Forum home Wildlife gardening

Planting a small meadow



  • I think perennials in grass is the way to go. Would like it to be a permanent thing we didn't have to re-plant every year.

    Thanks for the advice!

  • raisingirlraisingirl Posts: 6,448

    ox-eye daisies are a 'pioneer' species that will establish themselves, including in grass, and then provide a foothold for other plants to establish around them. Mulleins (verbascum), aquilegia and yarrow (achillea) will all grow in grass if you get the plants started in plugs, pretty much all all the primula variants as has been said and there are also biennials that will grow in grass and self seed - foxgloves, honesty, wild carrot (sorry Papi - daucus carota) - teasel (dipsacus) if you want to go for height although it's VERY prickly so not close to a path. And nettles of course. Much underrated as a meadow plant, but birds and butterflies love them and they are free image

    “Light thinks it travels faster than anything but it is wrong. No matter how fast light travels, it finds the darkness has always got there first” 
  • nutcutletnutcutlet Posts: 26,989

    get some yellow rattle seed in autumn and sow them in autumn after the grass is cut. That needs to be grown from seed and is semi-parasitic on grass. It weakens it and the plants can get a head start. I'd get one plant of each of your choices and leave them to see about themselves unless you can afford several of each. Only the yellow rattle can be relied upon to germinate in grass. The rest will eventually because they make a lot more seed than you get in a packet.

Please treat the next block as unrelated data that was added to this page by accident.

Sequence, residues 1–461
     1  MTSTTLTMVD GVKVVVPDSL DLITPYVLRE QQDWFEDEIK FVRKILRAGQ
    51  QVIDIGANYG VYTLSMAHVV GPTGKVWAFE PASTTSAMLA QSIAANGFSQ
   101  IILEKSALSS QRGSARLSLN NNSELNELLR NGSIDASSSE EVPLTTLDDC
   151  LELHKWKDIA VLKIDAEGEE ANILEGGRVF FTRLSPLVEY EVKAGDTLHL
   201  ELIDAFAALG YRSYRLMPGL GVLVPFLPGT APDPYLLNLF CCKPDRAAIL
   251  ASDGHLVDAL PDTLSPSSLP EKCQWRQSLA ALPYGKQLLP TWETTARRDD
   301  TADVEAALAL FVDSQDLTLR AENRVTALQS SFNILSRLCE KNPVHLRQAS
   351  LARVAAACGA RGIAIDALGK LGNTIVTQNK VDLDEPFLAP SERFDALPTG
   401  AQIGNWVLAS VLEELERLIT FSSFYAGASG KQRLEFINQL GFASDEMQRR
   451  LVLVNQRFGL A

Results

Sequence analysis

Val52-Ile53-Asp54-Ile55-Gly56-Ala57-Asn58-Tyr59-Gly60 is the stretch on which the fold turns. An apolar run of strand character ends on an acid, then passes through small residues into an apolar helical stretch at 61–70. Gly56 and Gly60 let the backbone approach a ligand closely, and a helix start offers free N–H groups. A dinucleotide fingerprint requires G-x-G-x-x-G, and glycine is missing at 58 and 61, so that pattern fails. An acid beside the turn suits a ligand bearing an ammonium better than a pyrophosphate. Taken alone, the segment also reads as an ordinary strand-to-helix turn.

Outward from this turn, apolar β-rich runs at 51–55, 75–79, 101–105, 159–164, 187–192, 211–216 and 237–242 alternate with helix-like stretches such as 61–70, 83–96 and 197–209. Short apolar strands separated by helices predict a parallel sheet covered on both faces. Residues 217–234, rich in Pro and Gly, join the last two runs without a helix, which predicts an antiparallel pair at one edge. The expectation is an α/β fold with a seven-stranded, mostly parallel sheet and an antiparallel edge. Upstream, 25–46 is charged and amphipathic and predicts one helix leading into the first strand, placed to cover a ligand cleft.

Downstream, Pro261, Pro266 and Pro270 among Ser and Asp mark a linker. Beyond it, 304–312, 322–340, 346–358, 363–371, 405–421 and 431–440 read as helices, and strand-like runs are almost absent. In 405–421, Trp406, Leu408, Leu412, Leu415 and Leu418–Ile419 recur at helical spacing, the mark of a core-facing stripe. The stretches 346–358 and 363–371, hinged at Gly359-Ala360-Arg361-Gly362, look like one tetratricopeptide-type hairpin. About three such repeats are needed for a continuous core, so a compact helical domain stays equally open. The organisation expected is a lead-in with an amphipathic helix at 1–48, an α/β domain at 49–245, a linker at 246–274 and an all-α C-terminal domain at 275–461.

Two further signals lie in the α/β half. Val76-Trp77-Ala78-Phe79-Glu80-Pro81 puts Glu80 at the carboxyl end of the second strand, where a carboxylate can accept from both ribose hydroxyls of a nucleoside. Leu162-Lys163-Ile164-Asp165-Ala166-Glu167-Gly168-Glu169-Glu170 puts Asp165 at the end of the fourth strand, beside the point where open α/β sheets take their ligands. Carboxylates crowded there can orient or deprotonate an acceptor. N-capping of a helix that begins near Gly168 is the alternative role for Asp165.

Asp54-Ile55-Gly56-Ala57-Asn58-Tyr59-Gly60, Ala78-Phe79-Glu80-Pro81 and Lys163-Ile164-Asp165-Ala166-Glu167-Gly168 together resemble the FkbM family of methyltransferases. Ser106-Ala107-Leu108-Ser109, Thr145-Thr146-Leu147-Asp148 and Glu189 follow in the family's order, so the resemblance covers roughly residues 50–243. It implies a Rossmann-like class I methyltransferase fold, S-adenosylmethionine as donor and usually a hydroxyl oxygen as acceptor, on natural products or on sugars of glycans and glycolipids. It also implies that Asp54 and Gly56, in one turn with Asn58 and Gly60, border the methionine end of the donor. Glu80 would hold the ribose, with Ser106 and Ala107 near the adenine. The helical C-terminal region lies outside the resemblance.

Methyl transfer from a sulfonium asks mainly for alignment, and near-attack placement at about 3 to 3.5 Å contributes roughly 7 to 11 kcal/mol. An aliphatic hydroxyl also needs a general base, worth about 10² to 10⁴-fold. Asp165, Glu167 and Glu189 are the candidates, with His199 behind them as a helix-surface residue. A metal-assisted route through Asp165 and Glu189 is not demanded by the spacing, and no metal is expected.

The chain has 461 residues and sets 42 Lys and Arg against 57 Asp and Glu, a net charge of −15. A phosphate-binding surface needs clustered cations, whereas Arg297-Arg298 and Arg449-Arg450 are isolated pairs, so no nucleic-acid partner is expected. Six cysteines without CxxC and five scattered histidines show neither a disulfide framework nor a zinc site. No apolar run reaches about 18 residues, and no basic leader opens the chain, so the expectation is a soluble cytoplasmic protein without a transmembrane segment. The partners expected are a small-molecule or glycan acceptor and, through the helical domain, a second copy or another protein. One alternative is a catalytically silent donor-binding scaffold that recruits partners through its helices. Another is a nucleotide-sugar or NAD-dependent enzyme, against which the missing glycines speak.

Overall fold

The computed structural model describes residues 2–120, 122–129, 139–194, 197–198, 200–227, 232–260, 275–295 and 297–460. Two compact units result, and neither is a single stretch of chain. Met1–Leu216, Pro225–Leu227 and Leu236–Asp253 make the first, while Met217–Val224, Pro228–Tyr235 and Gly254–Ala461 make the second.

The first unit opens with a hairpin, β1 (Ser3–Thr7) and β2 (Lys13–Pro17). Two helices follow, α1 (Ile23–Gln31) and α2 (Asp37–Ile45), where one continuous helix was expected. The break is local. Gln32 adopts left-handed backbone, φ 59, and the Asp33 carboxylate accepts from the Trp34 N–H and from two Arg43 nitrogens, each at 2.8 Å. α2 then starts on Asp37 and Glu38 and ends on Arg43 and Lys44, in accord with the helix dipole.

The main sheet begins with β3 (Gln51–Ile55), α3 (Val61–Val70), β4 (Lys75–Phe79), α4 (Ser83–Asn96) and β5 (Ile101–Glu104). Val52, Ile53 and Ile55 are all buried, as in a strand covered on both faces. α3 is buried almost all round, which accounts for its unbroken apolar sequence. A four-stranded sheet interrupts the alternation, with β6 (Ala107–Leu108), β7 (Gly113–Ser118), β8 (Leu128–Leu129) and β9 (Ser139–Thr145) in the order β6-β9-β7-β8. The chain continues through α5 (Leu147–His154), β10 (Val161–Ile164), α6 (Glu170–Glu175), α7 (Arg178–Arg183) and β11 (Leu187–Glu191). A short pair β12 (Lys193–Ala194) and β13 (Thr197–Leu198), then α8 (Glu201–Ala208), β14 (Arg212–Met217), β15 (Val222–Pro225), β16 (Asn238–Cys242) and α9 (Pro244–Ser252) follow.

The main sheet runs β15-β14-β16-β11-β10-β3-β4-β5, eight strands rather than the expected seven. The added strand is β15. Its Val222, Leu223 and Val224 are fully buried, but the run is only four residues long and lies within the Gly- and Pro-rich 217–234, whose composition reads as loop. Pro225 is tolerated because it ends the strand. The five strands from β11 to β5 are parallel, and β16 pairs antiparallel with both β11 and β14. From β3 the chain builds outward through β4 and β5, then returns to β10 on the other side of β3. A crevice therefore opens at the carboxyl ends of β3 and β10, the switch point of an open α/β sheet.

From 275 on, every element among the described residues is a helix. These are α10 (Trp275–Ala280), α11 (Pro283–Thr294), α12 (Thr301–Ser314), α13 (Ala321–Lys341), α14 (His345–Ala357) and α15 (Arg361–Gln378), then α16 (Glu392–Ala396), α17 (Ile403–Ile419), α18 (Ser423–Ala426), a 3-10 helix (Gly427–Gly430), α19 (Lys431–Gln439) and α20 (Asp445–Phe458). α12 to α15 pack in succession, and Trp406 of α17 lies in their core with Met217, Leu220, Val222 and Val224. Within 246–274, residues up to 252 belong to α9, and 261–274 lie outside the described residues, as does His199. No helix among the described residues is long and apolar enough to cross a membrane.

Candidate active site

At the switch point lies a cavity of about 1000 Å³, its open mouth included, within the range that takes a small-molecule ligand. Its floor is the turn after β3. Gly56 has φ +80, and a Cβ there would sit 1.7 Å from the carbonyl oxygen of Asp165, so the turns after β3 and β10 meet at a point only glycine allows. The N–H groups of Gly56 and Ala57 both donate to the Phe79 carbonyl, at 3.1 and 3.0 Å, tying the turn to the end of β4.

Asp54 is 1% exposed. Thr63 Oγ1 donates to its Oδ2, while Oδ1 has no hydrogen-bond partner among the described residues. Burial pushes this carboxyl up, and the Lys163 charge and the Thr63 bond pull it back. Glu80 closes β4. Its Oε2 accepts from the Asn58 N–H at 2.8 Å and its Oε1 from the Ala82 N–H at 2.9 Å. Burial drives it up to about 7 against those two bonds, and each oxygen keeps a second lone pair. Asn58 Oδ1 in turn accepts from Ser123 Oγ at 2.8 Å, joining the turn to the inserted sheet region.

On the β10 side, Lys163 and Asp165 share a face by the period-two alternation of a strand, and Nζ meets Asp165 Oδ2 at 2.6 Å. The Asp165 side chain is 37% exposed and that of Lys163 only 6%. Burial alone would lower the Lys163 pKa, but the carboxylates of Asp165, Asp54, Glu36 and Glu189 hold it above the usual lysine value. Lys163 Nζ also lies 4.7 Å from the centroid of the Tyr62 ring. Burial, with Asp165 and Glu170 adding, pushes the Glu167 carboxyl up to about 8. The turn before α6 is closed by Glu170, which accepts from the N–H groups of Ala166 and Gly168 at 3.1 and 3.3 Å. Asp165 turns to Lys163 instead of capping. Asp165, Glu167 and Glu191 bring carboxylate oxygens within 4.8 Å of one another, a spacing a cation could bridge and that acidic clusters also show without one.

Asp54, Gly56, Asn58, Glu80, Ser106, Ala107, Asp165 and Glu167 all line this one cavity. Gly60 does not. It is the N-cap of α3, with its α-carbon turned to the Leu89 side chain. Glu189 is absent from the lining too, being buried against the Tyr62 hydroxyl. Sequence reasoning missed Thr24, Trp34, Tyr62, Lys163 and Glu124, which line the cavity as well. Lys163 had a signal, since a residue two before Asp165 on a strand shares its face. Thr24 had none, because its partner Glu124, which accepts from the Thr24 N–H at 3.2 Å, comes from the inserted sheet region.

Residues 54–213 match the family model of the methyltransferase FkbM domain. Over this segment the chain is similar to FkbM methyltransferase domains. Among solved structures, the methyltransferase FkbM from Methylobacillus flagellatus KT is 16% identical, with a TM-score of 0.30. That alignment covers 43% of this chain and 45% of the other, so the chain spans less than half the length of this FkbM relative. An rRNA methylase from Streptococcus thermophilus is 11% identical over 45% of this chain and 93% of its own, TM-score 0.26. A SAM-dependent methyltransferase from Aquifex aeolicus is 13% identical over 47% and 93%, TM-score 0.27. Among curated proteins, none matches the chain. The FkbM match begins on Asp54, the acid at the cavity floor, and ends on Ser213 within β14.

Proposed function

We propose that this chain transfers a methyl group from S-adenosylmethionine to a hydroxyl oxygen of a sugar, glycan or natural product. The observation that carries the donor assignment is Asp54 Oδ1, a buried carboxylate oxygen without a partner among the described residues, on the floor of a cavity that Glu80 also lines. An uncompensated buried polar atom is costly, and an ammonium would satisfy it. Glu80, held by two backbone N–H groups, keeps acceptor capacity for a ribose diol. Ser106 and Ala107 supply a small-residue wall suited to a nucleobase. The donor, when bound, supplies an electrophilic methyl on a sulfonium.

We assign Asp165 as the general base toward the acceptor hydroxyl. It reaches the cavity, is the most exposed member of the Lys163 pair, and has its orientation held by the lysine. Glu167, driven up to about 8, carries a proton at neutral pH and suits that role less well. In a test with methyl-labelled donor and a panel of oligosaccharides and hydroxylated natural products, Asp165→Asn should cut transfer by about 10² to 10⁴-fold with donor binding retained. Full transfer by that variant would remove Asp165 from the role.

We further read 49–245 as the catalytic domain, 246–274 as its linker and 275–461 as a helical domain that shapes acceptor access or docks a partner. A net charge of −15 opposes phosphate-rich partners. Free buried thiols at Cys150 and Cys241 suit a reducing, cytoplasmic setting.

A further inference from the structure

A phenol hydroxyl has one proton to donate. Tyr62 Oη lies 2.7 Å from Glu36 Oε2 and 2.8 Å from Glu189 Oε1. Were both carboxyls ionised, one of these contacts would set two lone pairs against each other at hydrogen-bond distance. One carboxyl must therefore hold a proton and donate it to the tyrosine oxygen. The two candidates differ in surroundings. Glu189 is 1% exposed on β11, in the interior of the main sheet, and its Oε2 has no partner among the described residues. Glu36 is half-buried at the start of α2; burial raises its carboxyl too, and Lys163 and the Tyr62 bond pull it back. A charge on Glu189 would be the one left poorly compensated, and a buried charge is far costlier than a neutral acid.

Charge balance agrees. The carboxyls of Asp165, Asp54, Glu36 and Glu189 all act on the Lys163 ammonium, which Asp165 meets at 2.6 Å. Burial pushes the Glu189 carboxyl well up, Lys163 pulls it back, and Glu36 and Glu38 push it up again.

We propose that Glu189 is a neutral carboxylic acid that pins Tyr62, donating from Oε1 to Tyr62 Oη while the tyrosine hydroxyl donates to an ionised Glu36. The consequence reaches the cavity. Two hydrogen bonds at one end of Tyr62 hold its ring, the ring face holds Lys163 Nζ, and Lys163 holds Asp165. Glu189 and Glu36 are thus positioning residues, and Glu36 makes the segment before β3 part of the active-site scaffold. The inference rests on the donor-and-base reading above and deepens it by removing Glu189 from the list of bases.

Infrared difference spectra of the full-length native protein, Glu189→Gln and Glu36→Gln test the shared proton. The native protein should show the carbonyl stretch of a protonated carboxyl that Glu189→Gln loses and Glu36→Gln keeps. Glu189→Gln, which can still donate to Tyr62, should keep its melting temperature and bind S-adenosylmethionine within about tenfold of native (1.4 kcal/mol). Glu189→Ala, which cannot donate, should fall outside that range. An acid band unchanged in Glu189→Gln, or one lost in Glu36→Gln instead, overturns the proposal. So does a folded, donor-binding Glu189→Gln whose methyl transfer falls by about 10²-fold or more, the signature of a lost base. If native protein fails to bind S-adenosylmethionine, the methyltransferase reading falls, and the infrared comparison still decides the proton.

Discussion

In the sticks near Peterborough
  • Thanks raisingirl! When is the best time to plant these?

  • Great, I'll aim for an autumn start with the yellow rattle and then work from there. 

  • raisingirlraisingirl Posts: 6,448

    If you've got decent sized plugs you can plant ox-eye daisies now and probably any of the perennials. The biennials may be better planted at end of summer as the grass is slowing up, to give them a chance to get their roots established through the autumn - that is their natural cycle - seeds drop in summer, the seedlings start to grow quickly then. If you sow them now they'll probably not germinate well. If you buy plugs that were started last year then they could go out. But it may be better to start with the perennials and then fill in gradually with other plants as it takes shape and you can see what you want to make it into

    “Light thinks it travels faster than anything but it is wrong. No matter how fast light travels, it finds the darkness has always got there first” 
  • Thanks for the advice. Sounds like a bit of a minefield with lots to choose from. Will see how it goes! 

  • Mark56Mark56 Posts: 1,653

    Sorry Phil, I was under the assumption you wanted rid of the grass. With those I mentioned, they obviously self seed and the cycle starts the next spring. 

  • No problem, I'm happy for it to stay or go, although I guess it will end up mixing in with the wildflowers. 

Sign In or Register to comment.